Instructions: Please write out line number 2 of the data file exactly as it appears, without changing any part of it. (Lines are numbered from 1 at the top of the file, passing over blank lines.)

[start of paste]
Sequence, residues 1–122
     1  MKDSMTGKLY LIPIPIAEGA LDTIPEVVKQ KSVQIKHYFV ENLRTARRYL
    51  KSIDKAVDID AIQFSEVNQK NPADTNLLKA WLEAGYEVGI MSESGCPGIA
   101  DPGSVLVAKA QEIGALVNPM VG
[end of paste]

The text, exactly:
     1  MKDSMTGKLY LIPIPIAEGA LDTIPEVVKQ KSVQIKHYFV ENLRTARRYL